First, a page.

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Growing up in Scotland, Nicola Robertson heard climate change discussed often. Reducing greenhouse gas emissions through personal choices and public policy was simply taken for granted.

So when she arrived as a freshman on campus at King University in Eastern Tennessee, she was shocked at how little the Christian campus community discussed climate change and environmental stewardship. So she decided to do something about it.

She started talking about it with her friends and classmates, something that a recent study from the Yale Program on Climate Change Communication tells us only one in five of us are doing on a regular basis. She founded a student organization on campus called Environmental Positive Impact at King (EPIK) and recruited over a dozen of her peers to get involved. Together they worked with the administration to establish the school’s first official recycling program, getting bins in every residence hall and partnering with sports teams on campus to collect and sort the bins. She hosted campus conversations about the connections between climate change, environmental stewardship and Christian faith.

Nicola graduated this spring, but she has shaped the culture of her campus forever. Through EPIK, her legacy on campus will live on for years to come.

It’s not only Nicola who is leaving a legacy of strong climate action on her Christian campus. Nicola had the skills, tools and support to carry out her work because she found other like-minded student activists through Young Evangelicals for Climate Action (Y.E.C.A.), a national network of thousands of young Christians across the country who are working to overcome the climate crisis as an expression of our Christian witness and discipleship.

Young Christians are training, organizing, mobilizing and advocating for a future that honors God’s creation, that protects the well-being of our neighbors and safeguards a viable future for ourselves.

Young Christians are hosting difficult conversations with their peers in Ohio, Michigan, Pennsylvania, Indiana and Nevada. They are launching campus recycling and composting programs in Illinois and Tennessee. They are confronting their political leaders in Iowa and New York. They are erecting solar panels on campus residence halls in Massachusetts.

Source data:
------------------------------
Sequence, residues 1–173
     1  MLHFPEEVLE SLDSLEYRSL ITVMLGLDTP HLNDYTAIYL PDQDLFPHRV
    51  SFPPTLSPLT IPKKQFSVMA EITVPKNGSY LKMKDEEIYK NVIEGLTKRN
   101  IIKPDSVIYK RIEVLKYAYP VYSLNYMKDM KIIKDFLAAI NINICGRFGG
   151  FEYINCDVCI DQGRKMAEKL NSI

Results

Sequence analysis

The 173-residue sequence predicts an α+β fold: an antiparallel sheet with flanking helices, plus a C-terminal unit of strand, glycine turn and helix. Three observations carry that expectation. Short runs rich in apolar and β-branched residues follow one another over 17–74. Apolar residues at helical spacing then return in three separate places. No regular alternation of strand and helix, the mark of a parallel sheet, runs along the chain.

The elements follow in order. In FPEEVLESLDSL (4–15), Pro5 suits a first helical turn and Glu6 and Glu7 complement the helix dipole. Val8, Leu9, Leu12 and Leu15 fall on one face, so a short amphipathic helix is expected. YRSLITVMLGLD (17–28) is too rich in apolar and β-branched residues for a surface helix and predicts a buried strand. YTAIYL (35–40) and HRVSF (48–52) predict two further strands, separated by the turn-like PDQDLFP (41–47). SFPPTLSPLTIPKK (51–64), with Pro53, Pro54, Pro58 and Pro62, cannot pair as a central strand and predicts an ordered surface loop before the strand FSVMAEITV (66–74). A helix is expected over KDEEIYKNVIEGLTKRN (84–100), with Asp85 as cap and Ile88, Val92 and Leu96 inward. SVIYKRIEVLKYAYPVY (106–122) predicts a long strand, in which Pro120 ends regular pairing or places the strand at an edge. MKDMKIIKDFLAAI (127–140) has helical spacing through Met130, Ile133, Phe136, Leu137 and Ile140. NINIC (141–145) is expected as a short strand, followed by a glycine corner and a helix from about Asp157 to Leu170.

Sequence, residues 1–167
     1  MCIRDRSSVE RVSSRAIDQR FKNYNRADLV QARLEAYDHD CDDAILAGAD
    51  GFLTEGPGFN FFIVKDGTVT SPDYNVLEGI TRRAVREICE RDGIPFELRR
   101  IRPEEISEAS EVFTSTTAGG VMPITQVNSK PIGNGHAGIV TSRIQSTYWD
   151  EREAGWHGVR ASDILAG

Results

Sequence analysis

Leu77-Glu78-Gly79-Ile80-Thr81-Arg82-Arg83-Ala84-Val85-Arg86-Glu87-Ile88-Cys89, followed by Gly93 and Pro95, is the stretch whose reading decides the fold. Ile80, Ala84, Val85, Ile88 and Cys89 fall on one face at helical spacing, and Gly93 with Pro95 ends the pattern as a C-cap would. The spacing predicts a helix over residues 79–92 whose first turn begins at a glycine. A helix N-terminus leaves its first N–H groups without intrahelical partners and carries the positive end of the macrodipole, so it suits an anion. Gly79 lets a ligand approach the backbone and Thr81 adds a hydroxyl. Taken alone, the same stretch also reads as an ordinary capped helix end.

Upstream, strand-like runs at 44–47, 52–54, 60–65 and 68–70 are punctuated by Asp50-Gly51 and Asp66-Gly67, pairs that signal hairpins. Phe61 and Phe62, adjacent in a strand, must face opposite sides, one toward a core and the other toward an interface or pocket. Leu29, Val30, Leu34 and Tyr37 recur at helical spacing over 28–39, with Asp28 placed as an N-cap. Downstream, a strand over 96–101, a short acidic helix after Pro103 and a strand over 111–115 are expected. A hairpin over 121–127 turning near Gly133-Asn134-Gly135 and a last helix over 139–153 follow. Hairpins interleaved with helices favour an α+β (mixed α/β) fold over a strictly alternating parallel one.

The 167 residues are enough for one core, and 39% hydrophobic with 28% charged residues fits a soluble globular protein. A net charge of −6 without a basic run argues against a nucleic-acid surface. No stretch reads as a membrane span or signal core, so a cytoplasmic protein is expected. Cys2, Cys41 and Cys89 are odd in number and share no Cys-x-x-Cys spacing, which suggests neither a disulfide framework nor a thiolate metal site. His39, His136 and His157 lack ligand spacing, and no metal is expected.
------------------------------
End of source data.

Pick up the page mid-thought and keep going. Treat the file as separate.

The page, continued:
The work of these young activists is not an anomaly, it is a national movement. A national movement of young evangelicals standing up and taking concrete action to overcome the threat of climate change precisely because of our evangelical faith, and not in spite of it; young evangelicals who understand that doing everything we can to slow the progress of climate change is what it looks like to love God, to love our neighbor, and to follow Jesus in the 21st century.

We didn’t need the recent analysis from the American Conservation Coalition and the Conservative Energy Coalition to tell us that millennials are prioritizing energy more and more as a top political issue.

We didn’t need Pew’s latest survey to tell us that traditional partisan battle lines are eroding and political orthodoxy is realigning as younger GOPers reject their party’s climate intransigence in favor of a stronger renewable energy portfolio and greater environmental protection.

We’re seeing it firsthand on campuses across the country as young evangelicals are standing up by the thousands and demanding action.

Action from their campuses to adopt bold renewable energy policies.

Action from their political leaders across the partisan spectrum to act to safeguard their future from the danger and uncertainty of a warming world.

Action from their faith communities to put flesh on the gospel worldview of love, compassion and faithfulness to the Creator by protecting God’s good world and protecting their neighbors from the disproportionate impacts of creation’s degradation.

Many look out at the state of the national evangelical movement and see only hypocrisy, anti-intellectualism and cynicism. If that’s you, take heart: a new generation is finding its voice.

A voice that speaks up for the vulnerable and the marginalized rather than for fossil fuel executives.

A voice that holds our political leaders accountable to exercise their power on behalf of the common good and a livable future for all.

A voice that implores the religious leaders who raised us in the Church to live out the values of truth, courage and love that they taught.

A voice for bold and compassionate climate action that is getting louder every day and that isn’t going away any time soon.

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